What changes still need to occur to make American manufacturing more competitive in the worldwide marketplace?
I hope this got your attention because it certainly got mine as I recently listened to Dennis Pawley, former Executive Vice President of Chrysler Automotive Manufacturing and an original co-founder of The Lean Learning Center, reflect on his near fifty-year career working to change American business.
As he reflected, he shared a story of one of his countless trips to Japan in which he toured a Toyota plant with an executive at Toyota Motor Manufacturing. As they walked the plant, Dennis asked him why they open up their doors so willingly to outsiders and show others the secrets to their success. Dennis’ question was met with a firm, immediate response of ‘because America will never change the way they operate.’ I would imagine that the shock on Dennis’ face motivated further explanation from the Toyota executive who proceeded to explain his position by sharing the fable of the frog and the scorpion.
For those of you unfamiliar with the fable, I’ll share the highlight reel. A scorpion sits on the bank of a stream, trying to figure out how to get to the other side, when he encounters a frog. He asks the frog to carry him across the stream on his back. The frog immediately refuses, stating that the scorpion will sting him if he agrees. Trying to win the frog’s trust, the scorpion assures him that he won’t sting him because if he does, they will both drown. Satisfied with this response, the frog agrees to help the scorpion and they begin to proceed across the stream when suddenly, the scorpion stings the frog. As the frog’s limbs begin to paralyze, he turns and asks the scorpion why he stung him. The scorpion replies, ‘It’s my nature…it’s what I do.’
When he finished the fable, the Toyota executive explained to Dennis that they did not view America as a competitive threat because, like the scorpion, American will never change the way that it conducts business, designs its processes and operates on a global scale. Dennis of course took this as a personal challenge and spent the rest of his career creating the Chrysler Operating System and working to change the thinking and behaviors within Chrysler with great success.
Dennis’ reflection got me to thinking about the last thirty years since Toyota opened its doors and invited America in. What have we learned? How has it shaped how we operate today? And most importantly…why are we still behind?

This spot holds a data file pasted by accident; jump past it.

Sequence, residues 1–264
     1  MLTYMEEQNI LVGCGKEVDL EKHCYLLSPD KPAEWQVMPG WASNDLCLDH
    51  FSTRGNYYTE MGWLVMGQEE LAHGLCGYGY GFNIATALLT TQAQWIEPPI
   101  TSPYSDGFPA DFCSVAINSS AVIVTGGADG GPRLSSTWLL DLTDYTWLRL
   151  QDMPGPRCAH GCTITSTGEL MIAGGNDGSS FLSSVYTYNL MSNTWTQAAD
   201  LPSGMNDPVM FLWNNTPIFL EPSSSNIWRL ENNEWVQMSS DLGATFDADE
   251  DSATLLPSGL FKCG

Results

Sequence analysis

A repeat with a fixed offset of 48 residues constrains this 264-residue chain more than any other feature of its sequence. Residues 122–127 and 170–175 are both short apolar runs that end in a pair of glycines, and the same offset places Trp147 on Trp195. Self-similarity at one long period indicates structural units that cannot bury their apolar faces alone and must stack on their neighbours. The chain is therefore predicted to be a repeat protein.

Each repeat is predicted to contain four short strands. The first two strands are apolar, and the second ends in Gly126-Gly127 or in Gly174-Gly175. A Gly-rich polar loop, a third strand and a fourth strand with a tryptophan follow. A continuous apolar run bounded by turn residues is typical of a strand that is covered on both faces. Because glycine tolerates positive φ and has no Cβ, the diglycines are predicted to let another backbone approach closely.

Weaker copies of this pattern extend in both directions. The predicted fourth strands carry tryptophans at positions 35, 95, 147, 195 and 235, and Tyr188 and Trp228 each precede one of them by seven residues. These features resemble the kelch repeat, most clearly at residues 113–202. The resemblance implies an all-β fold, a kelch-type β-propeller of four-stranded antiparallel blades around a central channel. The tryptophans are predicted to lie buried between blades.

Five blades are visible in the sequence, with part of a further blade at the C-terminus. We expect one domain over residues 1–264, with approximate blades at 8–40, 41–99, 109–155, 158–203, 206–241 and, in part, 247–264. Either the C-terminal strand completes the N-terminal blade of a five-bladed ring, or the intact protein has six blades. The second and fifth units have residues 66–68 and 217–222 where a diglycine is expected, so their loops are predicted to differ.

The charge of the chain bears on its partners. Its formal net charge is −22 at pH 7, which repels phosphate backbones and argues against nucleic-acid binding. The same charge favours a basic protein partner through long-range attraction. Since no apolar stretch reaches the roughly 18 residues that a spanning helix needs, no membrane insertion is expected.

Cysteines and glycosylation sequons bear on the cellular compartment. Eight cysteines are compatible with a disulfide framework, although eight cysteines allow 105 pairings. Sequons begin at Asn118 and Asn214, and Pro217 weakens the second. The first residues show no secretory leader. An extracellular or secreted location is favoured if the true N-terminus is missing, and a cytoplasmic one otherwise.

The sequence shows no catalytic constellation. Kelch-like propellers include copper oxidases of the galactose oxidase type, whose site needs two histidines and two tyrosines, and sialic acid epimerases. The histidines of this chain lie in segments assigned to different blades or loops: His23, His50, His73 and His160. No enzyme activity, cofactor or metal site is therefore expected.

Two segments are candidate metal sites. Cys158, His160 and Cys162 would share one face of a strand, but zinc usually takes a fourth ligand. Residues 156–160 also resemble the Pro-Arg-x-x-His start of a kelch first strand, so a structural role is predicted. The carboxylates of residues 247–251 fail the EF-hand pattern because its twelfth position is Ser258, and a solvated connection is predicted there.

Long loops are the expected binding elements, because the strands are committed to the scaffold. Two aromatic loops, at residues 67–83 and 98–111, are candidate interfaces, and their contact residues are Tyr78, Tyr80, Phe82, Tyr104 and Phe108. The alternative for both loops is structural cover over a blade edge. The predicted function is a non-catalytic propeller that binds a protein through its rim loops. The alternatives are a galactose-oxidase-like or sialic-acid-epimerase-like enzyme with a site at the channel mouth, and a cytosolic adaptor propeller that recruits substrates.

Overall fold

These questions led to my own reflection on how we traditionally target continuous improvement within an organization. We begin by planting the seeds of lean knowledge and tools within the organization. We then expect for those skills and knowledge to grow and flourish and thus, change the way that we conduct business. Many organizations experience some good progress and immediate gains, but those same organizations also hit roadblocks or stall once the seeds have been planted. Why aren’t we reaping the rewards that accompany new knowledge and skill?
These questions then led to a hypothesis statement to answer why we aren’t reaping the rewards more readily and easily. My belief is that we have failed to consider the most important element of any change. The element that existed before the lean journey ever began. The element that existed long before the knowledge and skills were planted. That element is the people that compose the culture of any organization. Why should they embrace change? What is the incentive to use new knowledge and skills? And what systems are in place to support and grow those skills and knowledge?
We all know that change is hard. It’s the reason that 50% of New Year’s resolutions fail by the end of February and why only 8% of New Year’s resolutions are successful for the entire year. But why haven’t we done a better job of focusing on how to increase receptivity to change and make it easier for people to embrace change? We’ve failed to focus on the one constant in any organization that exists prior to any change and remains constant during and after the change as well, and that is the culture. The lean community hasn’t spent nearly enough time exploring the significance of the cultural heartbeat that exists within an organization. We have to acknowledge that the success or failure of any change rests in the hands of an organization’s culture. Once we have acknowledged our dependence on the culture, then we have to ask ourselves….what are we going to do to understand that culture before we try to change it?
Melissa Curtis-Hendley, M.T.D., is the Principal Consultant and Founder of MCH Consulting and Design, LLC. She is also a Special Lecturer in the Department of Organizational Leadership at Oakland University. Melissa can be contacted at firstname.lastname@example.org. Please visit MCH Consulting and Design at mchconsultanddesign.com.